The killing of 11 worshippers last month at the Tree of Life Synagogue in Pittsburgh brought the message home: Indiana University's Institute for the Study of Contemporary Antisemitism, established to study the global resurgence of the hatred of Jews, is more relevant and essential than ever.
"I think everybody was surprised and shocked" by the shooting, said Alvin Rosenfeld, the institute's founding director. "There was no precedent for something like that in American history. There have been numerous violent incidents against Jews, but there has never been an attack on a synagogue in this country that led to so many deaths."
Since the Pittsburgh incident, Rosenfeld and Günther Jikeli, a research scholar at the institute, have done media interviews, written newspaper columns and engaged in other forms of outreach to help people understand the damage done by what has been called "history's oldest hatred."
"One major thing we can do is educate, educate and educate at all levels," Rosenfeld said.
Rosenfeld, the Irving M. Glazer Chair in Jewish Studies and a renowned scholar of the Holocaust, founded the institute in 2009. Like many scholars, he had believed that organized hatred of Jews was pushed into the shadows with the defeat of Nazi Germany in World War II.
"I was simply wrong," he said. "Over the last two decades, antisemitism has been on an upsurge, on a global basis. It is, once again, a potent form of social pathology, and a threatening one."
The IU institute is the only research institute at any U.S. university devoted to studying and combating contemporary antisemitism. It has hosted four scholarly conferences -- with a fifth scheduled in March -- produced a notable series of publications with IU Press and helped to launch Antisemitism Studies, now the leading journal in the field.
Much of the institute's initial focus was on Europe, where antisemitic attacks have been common in the past two decades and where anti-Jewish attitudes are found among far-right political movements, extreme leftist opponents of Israel, and some Muslim immigrants and refugees. But the U.S. also has a history of virulent antisemitism, including the conspiracy theories promoted by industrialist Henry Ford and 1930s radio broadcasts by Father Charles Coughlin.
There is nothing like having people in power -- in government, education, religion and every other sphere of public culture -- speak out forcefully and unambiguously about the threats we all face.Alvin Rosenfeld
In the postwar era, most American Jews have felt they could live in peace without being targeted, Rosenfeld said. But recently, that has changed. The Anti-Defamation League reported nearly 2,000 antisemitic incidents in 2017, a 57 percent increase over the previous year. In New York City, police said antisemitic incidents increased 22 percent this year, while overall crime was down.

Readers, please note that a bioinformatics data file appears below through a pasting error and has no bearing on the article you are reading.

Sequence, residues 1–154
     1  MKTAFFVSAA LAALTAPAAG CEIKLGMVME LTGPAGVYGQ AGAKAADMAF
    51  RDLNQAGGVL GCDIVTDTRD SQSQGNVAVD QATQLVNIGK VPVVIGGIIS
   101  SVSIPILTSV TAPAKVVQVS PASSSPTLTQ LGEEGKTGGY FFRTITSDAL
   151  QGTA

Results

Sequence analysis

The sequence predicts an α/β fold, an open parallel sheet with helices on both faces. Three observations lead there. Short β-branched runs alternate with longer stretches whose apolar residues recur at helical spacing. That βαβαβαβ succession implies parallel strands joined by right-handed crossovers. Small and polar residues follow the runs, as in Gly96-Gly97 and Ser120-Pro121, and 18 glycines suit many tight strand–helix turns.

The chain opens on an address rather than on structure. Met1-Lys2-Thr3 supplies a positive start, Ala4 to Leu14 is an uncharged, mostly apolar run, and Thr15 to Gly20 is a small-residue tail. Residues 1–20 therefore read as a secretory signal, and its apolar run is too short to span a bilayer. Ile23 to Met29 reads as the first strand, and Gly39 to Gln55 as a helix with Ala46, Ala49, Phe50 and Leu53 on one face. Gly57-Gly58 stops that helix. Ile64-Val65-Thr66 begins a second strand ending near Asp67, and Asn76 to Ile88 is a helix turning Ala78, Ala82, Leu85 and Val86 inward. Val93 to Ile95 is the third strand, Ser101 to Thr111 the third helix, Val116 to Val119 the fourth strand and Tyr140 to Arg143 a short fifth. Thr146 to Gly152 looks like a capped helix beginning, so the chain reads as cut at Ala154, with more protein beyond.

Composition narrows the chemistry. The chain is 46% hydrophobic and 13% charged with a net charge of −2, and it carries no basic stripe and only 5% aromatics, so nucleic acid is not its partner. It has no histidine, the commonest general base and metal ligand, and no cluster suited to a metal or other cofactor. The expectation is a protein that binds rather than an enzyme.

What happened? One factor is the spread of hatred and falsehoods on the internet and especially via social media, a phenomenon that Jikeli and his students have studied. Another is the rise of an emboldened "alt right" movement that includes white supremacists and white nationalists.
It was shocking, Rosenfeld said, that Holocaust deniers and Nazi sympathizers were candidates for congressional seats in several states in the 2018 midterm elections, and that at least three of them received tens of thousands of votes each.
Another factor is the polarization of American politics, which has helped extremist views get a wider hearing. Rosenfeld said it was disappointing that President Donald Trump failed to unambiguously condemn the deadly Unite the Right rally in August 2017 in Charlottesville, Virginia.
"There is no evidence that President Trump is an ideological antisemite," Rosenfeld said. "At the same time, he is a very unconventional president, and a lot of his rhetoric is overwrought, divisive and accusatory. Antisemites take comfort in that."
What can be done to counter the threat? Rosenfeld puts education at the top of the list. That includes teaching, writing, public speaking, and conducting research and sharing it at conferences and meetings -- the kind of work the Institute for the Study of Contemporary Antisemitism systematically does. All of it helps to better inform the work of other educators and also to shape the work of policymakers.
Legislation also plays a role, he said, pointing out that Indiana is one of the few states that don't have a hate-crimes law that provides harsher penalties for crimes that are motivated by bias. The role of law enforcement, he said, should include not only enforcing the law but regularly monitoring incidents.
Finally, he said, America needs leaders who will recognize antisemitism as a serious threat that can't be ignored but should be studied, understood and actively fought against.
"There is nothing like having people in power -- in government, education, religion and every other sphere of public culture -- speak out forcefully and unambiguously about the threats we all face," he said. "If they remain unchecked, everyone will suffer, not just Jews."